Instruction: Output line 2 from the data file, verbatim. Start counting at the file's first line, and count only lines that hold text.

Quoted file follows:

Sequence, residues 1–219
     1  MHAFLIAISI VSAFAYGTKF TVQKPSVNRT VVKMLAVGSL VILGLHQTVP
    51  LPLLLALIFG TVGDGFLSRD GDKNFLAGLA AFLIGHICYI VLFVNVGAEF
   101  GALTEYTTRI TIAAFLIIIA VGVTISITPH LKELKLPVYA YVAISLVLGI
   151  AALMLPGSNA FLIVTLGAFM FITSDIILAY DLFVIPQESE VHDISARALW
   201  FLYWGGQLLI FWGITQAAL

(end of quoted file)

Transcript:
     1  MHAFLIAISI VSAFAYGTKF TVQKPSVNRT VVKMLAVGSL VILGLHQTVP